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Twitter's stock plunges after Q3 earnings, users miss

Twitter’s (TWTR) shares plummeted on Thursday after it posted third-quarter results that missed expectations on nearly every key metric, as advertising growth decelerated sharply over last year and site activity slowed down during the summer.

Here were the main numbers from the report, compared to consensus expectations compiled by Bloomberg:

  • Revenue: $823.7 million vs. $875.6 million expected and $758.11 million YOY

  • Adjusted earnings per share: 17 cents vs. 20 cents expected and 21 cents YOY

  • Monetizable daily active users: 145 million vs. 145.5 million expected

Fourth-quarter sales guidance also came in light. The micro-blogging platform said it expects to see revenue of between $940 million and $1.01 billion in the final three months of the year, missing the Street’s expectation for $1.06 billion.

The results dragged down Twitter’s stock, which slumped more than 18% to $31.54 just after the opening bell Thursday. Twitter’s stock was up 35% for the year-to-date through Wednesday’s close.

Advertising revenue in the U.S. – which comprises the bulk of Twitter’s sales — increased just 11% in the third quarter over last year, slowing from 32% growth from the year-ago period. Monetizable daily active users — a closely followed measure of the site ability to generate money via user engagement — surged 17% year over year, but still fell short of Wall Street’s consensus forecast.

Twitter CEO Jack Dorsey addresses students during a town hall at the Indian Institute of Technology (IIT) in New Delhi, India, November 12, 2018. REUTERS/Anushree Fadnavis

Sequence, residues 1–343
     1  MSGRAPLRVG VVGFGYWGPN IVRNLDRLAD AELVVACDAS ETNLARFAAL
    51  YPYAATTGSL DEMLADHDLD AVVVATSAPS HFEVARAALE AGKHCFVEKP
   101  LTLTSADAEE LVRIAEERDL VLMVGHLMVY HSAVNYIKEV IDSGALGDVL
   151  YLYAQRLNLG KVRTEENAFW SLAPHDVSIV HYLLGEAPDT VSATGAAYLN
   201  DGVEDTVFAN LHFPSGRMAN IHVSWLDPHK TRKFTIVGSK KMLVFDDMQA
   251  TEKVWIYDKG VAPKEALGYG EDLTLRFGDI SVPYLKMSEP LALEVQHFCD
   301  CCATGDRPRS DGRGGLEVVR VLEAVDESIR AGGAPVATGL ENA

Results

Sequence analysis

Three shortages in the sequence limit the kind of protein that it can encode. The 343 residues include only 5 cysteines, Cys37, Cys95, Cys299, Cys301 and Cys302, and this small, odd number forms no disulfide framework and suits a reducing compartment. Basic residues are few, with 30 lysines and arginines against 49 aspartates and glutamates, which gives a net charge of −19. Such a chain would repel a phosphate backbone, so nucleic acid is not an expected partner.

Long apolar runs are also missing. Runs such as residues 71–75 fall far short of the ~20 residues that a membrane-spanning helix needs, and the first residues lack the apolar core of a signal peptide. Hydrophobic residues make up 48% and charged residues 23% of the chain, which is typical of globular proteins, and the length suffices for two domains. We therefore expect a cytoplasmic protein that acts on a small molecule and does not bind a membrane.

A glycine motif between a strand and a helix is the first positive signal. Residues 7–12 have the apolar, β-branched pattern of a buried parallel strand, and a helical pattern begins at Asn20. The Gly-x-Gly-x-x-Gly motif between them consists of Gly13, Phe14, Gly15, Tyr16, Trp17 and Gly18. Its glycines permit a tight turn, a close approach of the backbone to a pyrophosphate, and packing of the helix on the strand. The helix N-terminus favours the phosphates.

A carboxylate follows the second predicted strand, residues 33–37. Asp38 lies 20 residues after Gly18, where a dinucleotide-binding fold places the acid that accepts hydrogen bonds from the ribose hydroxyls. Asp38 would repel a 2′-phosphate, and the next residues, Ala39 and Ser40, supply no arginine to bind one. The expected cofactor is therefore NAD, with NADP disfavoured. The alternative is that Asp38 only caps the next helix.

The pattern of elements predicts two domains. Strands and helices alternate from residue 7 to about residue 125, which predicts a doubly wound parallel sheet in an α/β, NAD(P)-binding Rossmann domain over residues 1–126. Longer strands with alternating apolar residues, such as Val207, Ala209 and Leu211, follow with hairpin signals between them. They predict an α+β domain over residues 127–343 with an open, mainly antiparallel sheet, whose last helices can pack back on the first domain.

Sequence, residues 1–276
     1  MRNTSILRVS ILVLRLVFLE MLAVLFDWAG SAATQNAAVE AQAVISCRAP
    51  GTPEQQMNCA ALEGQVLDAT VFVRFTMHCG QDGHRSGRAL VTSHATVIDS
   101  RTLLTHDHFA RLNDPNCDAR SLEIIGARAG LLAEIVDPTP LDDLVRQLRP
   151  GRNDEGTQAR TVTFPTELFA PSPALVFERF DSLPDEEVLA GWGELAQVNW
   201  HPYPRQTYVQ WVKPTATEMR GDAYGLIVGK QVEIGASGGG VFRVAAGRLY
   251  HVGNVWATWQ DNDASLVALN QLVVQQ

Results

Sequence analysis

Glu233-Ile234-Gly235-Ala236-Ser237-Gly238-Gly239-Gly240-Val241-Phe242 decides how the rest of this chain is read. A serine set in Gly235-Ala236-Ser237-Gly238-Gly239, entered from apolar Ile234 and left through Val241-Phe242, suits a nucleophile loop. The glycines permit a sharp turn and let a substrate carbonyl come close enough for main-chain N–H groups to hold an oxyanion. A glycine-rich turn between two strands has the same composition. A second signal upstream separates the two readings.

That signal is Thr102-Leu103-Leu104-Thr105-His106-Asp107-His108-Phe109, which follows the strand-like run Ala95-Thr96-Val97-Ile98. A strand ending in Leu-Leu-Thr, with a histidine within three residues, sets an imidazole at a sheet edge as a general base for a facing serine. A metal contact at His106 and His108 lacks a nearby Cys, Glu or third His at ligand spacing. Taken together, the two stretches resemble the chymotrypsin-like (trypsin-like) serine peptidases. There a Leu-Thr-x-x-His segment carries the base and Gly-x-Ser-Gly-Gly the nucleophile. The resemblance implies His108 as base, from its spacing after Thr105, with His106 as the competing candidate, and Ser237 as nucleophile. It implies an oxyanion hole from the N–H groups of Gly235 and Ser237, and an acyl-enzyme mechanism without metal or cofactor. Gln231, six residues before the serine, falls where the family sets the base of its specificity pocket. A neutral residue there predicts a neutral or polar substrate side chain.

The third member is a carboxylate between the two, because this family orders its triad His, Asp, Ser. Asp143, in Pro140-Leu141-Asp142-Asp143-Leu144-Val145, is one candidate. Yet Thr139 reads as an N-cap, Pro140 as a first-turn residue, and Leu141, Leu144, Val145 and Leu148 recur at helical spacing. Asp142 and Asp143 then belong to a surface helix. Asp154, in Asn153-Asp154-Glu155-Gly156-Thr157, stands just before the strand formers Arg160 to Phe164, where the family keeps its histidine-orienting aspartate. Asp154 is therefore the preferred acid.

In a letter to shareholders, Twitter blamed its estimates-missing third-quarter revenue on “a number of headwinds including revenue product issues and greater-than-expected advertising seasonality in July and August.” This in turn trickled down to weaker-than-expected bottom-line results, which Twitter said reflect “no significant changes” to its ongoing investments.

“In Q3 we discovered, and took steps to remediate, bugs that primarily affected our legacy Mobile Application Promotion (MAP) product, impacting our ability to target ads and share data with measurement and ad partners,” the company said. “We also discovered that certain personalization and data settings were not operating as expected.”

“We believe that, in aggregate, these issues reduced year-over-year revenue growth by 3 or more points in Q3.”

The Twitter App loads on an iPhone in this illustration photograph taken in Los Angeles, California, U.S., July 22, 2019. REUTERS/Mike Blake

Over the past year, Twitter has doubled down on efforts to remove spammy and bad actor accounts from the platform, investing in these health efforts in hopes of improving user and advertiser experiences over the long-term. Along those lines, Twitter said it proactively removed 50% of Tweets for abusive content in the third quarter, without needing to be flagged by another user. This was up 12 percentage points from the first quarter this year.

Last quarter, Twitter said it expected to see operating expenses increase 20% over last year during fiscal 2019, with health initiatives and ad product revamps comprising a large portion of these investments. In the third quarter, Twitter said it grew its headcount 21% in part to help with these efforts.

Prior to results, investors had largely been on board with this thesis despite the costs it’s created for the company.

“Health of the TWTR platform remains the company’s top priority, and we believe health work is creating a stronger user base from which TWTR can grow,” JPMorgan analyst Doug Anmuth wrote in a note ahead of Thursday’s report.

Twitter’s third-quarter results come on the heels of an estimates-topping report from peer social media giant Snap (SNAP). The strong sales, earnings and user growth from Snapchat’s parent company underscored a robust internet advertising market, teeing investors up to anticipate similarly strong results from Twitter.

Shares of Snap and Facebook (FB) declined after Twitter posted its results Thursday morning.

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Emily McCormick is a reporter for Yahoo Finance. Follow her on Twitter: @emily_mcck

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